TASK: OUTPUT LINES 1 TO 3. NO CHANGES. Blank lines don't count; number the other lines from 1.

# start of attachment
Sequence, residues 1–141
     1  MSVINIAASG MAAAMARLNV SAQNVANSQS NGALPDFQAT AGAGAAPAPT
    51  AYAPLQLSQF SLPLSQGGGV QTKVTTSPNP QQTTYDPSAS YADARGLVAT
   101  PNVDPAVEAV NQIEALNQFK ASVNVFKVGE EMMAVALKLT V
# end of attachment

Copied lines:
Sequence, residues 1–141
     1  MSVINIAASG MAAAMARLNV SAQNVANSQS NGALPDFQAT AGAGAAPAPT
    51  AYAPLQLSQF SLPLSQGGGV QTKVTTSPNP QQTTYDPSAS YADARGLVAT